Grass hoppers mating at night on a fern in the rainforest. The female is notably larger than the male.
Compartir esta imagen
Obtener 50% de descuento cuando se une a nuestra lista de correo electrónico
Resolución de Internet
* Precio final basado en el uso, no en el tamaño del archivo.
- Rothschilds moth (Saturniidae Rothschidia) spreads its 8-inch (20cm) wingspan. It is one of the largest moths in the world.
- A family of 14 capybara (Hydrochoerus hydrochaeris). These are the world's largest rodent weighing up to 140lbs (65kg). The jaguar is their main enemy.
- Red and green macaws (Ara chloroptera) gather in a tree at dawn before descending to a clay lick,where the minerals in the earth help neutralise the toxins given off by the plants they eat.
- Pierid butterflies. Absorb minerals from the urine of capybaras deposited on the beach half an hour previously. Minerals are extremely hard to come by in the Amazon rain forest and are sought out wherever they can be found.
- White caiman (caiman crocodilus). Smaller of the two common South American crocodilians. Never as endangered as it's large Black relative due to the size of it's small pelt.
- A hatchet faced tree frog (Sphaenorhynchus lacteus),one of the hundreds of species found within the park.
- A male Ameiva lizard ( Ameiva ameiva) follows the female seen vertically top left of the picture. His colouring matches leaf litter both long dead and recent.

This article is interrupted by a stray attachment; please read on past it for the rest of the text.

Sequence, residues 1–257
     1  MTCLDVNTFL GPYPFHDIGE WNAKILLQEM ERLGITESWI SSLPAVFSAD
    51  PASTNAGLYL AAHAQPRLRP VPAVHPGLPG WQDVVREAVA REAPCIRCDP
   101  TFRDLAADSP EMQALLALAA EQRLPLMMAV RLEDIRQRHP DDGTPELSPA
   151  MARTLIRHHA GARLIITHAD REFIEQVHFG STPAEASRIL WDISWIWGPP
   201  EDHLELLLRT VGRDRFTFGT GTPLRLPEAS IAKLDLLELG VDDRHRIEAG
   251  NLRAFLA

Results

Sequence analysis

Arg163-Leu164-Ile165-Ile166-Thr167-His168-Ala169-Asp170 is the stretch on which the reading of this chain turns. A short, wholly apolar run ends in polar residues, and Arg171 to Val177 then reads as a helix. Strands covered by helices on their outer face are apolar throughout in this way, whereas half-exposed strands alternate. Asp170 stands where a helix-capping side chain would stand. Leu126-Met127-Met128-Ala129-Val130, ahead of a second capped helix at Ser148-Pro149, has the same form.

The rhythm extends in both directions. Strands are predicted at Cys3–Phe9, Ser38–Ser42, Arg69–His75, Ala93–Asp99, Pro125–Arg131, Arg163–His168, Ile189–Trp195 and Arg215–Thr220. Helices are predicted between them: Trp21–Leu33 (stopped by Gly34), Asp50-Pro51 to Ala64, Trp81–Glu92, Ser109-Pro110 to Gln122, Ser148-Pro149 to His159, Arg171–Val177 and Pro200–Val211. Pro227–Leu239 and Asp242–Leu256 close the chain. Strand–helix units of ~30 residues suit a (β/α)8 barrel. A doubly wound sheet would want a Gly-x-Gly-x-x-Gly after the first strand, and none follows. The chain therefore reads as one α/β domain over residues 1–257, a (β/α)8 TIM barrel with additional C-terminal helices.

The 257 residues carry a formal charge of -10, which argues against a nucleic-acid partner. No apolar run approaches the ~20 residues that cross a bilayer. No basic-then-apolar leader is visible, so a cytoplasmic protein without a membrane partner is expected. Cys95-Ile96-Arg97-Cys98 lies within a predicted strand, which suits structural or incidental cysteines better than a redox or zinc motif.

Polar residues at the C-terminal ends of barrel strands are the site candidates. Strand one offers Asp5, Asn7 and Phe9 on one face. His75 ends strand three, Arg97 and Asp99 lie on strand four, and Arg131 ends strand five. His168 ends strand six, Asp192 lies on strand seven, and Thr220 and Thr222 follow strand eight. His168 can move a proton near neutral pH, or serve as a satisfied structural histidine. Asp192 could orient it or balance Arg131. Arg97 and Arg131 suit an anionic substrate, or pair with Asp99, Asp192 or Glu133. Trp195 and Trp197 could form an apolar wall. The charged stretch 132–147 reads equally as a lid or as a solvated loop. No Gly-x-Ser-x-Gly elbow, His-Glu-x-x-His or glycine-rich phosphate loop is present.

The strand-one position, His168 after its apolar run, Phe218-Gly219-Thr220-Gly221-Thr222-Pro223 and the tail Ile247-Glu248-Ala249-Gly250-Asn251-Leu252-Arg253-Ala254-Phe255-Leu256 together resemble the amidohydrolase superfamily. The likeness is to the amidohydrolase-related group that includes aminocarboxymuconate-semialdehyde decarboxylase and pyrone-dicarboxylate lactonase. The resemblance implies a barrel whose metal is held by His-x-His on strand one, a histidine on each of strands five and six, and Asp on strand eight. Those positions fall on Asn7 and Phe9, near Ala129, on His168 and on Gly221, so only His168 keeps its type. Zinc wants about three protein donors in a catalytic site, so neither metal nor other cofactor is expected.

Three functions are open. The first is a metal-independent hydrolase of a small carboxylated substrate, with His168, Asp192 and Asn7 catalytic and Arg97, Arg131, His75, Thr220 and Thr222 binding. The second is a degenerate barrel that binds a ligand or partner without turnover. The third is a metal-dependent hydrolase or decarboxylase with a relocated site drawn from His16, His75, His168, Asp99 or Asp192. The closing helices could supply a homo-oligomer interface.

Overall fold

- Rhinoceros beetle (megasoma elephas). The horn is used to tip over rival males. When flying their wingspan can reach six inches across.
Más imágenes relacionadas
- Horned Toad (Ceratophrys cornuta) . This is essentially a mouth with feet,and will eat anything smaller than itself,other toads included. Such is their camouflage that they are best found at night betrayed by eyeshine with a torch.
- Sunset on a bend of the Upper Manu River. The rivers are the highways of the Amazon. Ecotourists riding back from a day's wildlife watching are rewarded with the sight of a tropical sky reflected on the surface.
- Algae on an Amazonian oxbow lake. Over 90% of lowland forest has at one time or another been a lake or riverbed. The river bends that form oxbow lakes eventually silt up and are overgrown by swamp,bamboo and other fast growing secondary forest trees.
- A local ecotourism guide surveys the lowland forest from a ridge. In her daypack she carries binoculars,bird book and first aid. Bird watching is popular here where the world record for species diversity is held.
- Giant river otters (Pteronura brasiliensis). These grow to over 6 feet (1.8m) long. They hunt in family groups and are known as river wolves. They are one of the rarest mammals on the planet due to having been hunted for their pelts. An adult male basks in the afternoon sun during the seven hours a day spent hunting for fish.
- One of many hundreds of tree frogs found within Manu National Park. Note the suckers on its feet and the large eyes for nocturnal vision.
- Community spiders create huge webs enveloping entire trees. Here the dew drops of dawn create a fairy tale effect. The fruit are Limas,a citrus similar to a grapefruit.
- A five metre long Black Caiman surfaces on an oxbow lake. Seriously endangered as a species,they were hunted nearly to extinction in the 1950's. Within park boundaries larger specimens like this one are making a comeback.